But, opponents of the bill say research is okay, but the state shouldn't stop executions while the study is taking place.

  • Get the radio story.
  • Check out HB 1887 and the bill's sponsor, Mike Schilling.
    . St. Louis politicians speak in favor of revitalization sales tax (02/23/00)
    JEFFERSON CITY - For the second time in just two weeks, St. Louis Mayor Clarence Harmon and former U.S. Senators John Danforth and Tom Eagleton spoke in favor of a regional sales tax increase.

    The increase, if approved by city and county voters, would raise sales tax in St. Louis City and County by four-tenths of a cent. Harmon, Eagleton, and Danforth all say the tax is vital for the survival of downtown St. Louis.

  • Get the radio story.
  • Check out HB 1915 and SB 827.
    . Interstate 64 may be named after Rams QB Kurt Warner without the bill's sponsor talking to him (02/23/00)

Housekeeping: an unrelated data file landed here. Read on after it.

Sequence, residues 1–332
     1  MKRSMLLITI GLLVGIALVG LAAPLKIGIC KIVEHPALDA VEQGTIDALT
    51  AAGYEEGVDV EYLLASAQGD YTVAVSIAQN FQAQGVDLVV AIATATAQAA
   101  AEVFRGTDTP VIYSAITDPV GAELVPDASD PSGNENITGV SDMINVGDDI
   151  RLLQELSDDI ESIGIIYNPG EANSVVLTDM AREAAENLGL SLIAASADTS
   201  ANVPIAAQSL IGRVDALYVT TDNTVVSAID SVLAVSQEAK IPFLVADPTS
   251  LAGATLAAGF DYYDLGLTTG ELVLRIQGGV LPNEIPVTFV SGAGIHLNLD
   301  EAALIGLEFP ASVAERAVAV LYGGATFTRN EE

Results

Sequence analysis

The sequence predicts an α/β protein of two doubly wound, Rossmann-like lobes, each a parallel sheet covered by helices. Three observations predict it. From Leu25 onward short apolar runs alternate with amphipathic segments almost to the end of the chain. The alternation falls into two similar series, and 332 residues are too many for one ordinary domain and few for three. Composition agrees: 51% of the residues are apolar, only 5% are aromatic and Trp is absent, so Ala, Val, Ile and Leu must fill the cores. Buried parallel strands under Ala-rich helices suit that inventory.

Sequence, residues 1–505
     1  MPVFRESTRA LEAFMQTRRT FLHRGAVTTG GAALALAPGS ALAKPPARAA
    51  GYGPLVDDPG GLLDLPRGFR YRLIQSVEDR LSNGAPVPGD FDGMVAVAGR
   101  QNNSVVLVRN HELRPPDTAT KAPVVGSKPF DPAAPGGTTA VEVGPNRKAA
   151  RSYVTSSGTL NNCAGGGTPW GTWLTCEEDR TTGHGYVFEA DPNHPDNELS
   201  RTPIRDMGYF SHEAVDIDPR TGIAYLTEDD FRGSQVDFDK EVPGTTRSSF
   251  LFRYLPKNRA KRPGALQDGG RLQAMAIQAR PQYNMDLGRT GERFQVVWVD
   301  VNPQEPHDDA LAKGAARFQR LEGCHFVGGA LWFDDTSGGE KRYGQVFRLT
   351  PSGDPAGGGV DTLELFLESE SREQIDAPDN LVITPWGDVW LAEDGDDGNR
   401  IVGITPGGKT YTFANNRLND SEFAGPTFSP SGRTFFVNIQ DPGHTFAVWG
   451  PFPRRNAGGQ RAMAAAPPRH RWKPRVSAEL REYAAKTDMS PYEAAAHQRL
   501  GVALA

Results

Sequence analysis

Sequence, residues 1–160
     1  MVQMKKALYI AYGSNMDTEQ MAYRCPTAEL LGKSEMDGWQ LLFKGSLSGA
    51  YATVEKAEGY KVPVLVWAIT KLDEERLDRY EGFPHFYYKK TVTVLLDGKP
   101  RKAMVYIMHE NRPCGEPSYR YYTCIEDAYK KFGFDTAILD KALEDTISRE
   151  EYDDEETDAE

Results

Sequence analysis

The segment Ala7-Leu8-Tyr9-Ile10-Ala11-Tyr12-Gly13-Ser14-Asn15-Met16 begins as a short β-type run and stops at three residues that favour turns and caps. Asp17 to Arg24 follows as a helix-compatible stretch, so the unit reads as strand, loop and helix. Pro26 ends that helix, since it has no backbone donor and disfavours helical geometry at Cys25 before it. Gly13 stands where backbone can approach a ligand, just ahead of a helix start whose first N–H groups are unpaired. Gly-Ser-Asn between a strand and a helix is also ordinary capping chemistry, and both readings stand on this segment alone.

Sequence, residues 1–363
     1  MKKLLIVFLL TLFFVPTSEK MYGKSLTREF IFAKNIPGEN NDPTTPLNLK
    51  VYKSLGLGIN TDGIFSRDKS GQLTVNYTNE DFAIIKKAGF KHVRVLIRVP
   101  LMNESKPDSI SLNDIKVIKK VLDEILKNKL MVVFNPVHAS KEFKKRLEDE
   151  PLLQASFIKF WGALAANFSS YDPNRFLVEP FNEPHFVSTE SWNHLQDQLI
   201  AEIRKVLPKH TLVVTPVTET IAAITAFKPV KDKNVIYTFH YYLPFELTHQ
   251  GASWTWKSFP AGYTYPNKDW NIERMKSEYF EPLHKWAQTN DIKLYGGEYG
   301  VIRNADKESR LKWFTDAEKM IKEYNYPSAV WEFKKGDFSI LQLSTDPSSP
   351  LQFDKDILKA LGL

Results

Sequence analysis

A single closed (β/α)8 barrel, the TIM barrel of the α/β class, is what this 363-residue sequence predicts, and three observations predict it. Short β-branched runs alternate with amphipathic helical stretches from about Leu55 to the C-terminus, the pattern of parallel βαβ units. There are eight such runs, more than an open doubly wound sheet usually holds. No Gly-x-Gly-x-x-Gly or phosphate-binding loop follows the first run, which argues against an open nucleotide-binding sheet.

JEFFERSON CITY - The House Transportation Committee passed a bill to rename the St. Louis stretch of Interstate 64. The new name would be Kurt Warner Rams Road, but the bill's sponsor never spoke to the Rams or to Warner about the idea.

  • Get the radio story.
  • Check out HB 1922 and the bill's sponsor, Rep. Don Koller.
    . Representative says certain lawsuits should be shot down (02/23/00)
    JEFFERSON CITY - At least one lawmaker says he wants to curb litigation against gun manufacturers, but may be unable to stop a pending lawsuit in St. Louis.

    Jon Bennett, R-St. Charles, says that state litigation against such industries as tobacco is on the rise, and fears gun manufacturers may be the next target. The city of St. Louis has already taken steps to hold the firearm industry accountable for gun violence. If passed, supporters contend that Bennett's bill may not hinder that lawsuit from going forward.

  • Get the radio story.
  • Check out HB 1671.